Dyslexics may have played an important role in the survival of our species

Dyslexics may have played an important role in the survival of our species

Dyslexia, defined as an impairment in the ability to read, or difficulty in recognizing and reproducing written language, is often associated with a host of negative characteristics. Far from this traditional vision, a new scientific study published in the journal Frontiers of Psychology, invites us to change the paradigm, to see this disorder from a totally different angle. An angle where dyslexia is actually an advantage, which throughout history has helped the human species adapt to different situations.

For psychologists from the University of Cambridge, members of the study, people who have more difficulty quickly interpreting written words would benefit from an increased ability to explore their environment in order to compensate for this lack. A capacity that would allow them to make decisions off the beaten path much more quickly.


Psychologically speaking, our minds are torn by a compromise called exploitation/exploration, reports Science Alert. When we have to make a decision, this compromise pushes us to be sure of the information we have, but also to try to anticipate the final result. For dyslexics, the balance tips on the side of exploration.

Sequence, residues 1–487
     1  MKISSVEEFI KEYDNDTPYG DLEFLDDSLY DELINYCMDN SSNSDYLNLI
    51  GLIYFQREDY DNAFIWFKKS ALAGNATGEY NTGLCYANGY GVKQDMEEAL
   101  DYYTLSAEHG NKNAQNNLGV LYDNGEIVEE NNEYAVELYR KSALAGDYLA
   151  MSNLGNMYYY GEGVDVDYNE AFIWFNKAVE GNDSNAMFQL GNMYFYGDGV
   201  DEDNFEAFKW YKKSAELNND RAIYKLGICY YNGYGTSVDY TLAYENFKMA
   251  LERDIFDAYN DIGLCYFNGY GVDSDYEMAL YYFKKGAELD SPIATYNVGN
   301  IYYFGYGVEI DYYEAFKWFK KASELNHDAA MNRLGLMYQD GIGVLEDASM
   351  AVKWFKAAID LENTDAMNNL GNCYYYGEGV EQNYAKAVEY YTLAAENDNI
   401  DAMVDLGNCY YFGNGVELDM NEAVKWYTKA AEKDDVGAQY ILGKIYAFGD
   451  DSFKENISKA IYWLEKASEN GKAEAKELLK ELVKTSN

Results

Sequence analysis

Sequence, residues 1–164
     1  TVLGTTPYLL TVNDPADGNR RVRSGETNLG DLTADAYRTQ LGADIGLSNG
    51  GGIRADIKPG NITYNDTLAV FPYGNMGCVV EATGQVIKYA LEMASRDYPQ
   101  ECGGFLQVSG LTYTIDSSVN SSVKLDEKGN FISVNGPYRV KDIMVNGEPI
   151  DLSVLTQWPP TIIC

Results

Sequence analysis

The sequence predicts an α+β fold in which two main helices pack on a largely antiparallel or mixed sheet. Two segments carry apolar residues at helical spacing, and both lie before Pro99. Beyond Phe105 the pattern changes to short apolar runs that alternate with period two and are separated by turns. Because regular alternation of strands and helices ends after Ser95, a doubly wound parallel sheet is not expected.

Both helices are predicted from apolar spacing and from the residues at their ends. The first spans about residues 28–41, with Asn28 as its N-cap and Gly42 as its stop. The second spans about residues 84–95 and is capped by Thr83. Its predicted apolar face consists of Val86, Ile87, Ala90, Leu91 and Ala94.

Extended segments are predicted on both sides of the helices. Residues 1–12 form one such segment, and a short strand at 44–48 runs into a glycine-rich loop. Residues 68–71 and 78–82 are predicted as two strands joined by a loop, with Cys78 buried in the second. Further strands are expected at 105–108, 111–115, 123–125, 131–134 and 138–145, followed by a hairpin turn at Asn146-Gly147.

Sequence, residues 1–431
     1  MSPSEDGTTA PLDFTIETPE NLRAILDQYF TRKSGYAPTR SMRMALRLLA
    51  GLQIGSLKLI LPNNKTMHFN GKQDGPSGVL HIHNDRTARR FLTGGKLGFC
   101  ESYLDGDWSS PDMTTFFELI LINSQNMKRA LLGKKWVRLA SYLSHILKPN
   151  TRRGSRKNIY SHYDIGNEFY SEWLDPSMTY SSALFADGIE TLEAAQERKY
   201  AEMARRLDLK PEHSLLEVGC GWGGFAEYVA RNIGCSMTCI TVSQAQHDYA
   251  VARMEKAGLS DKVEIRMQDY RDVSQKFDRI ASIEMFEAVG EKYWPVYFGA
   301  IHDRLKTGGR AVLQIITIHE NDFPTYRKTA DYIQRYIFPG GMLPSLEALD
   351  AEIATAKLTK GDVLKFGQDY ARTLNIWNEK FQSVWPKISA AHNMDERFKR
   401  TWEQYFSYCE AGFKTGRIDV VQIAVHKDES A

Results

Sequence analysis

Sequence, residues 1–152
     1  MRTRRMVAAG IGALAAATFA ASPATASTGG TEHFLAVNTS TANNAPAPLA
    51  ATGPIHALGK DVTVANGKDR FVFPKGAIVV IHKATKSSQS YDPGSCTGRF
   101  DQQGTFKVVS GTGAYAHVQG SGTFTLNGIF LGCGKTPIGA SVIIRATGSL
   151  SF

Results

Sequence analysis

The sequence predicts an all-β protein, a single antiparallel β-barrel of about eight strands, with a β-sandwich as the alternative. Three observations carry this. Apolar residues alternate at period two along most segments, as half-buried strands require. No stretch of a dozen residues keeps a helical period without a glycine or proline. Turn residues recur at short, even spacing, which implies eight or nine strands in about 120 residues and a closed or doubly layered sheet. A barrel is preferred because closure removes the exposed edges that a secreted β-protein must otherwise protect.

As a strategy for adapting to a world that they sometimes struggle to decipher, dyslexics observe, explore and seek information about the world instead of reinterpreting information already recorded. A characteristic that would make them more inventive and creative, adds Futurismwhile allowing them to make decisions much more quickly.

This last point is particularly important, notes the study. Knowing that this disorder is largely transmitted by genes in a hereditary way and that currently between 5% and 10% of the population is affected, dyslexia must have been favored in evolution. The members of the study therefore suggest that dyslexics, with their love of exploration and their ability to make quick decisions, may have played an important role in the survival of our species throughout history. But in our time, when writing and reading have become paramount, these advantages would be somewhat overshadowed by their difficulties.

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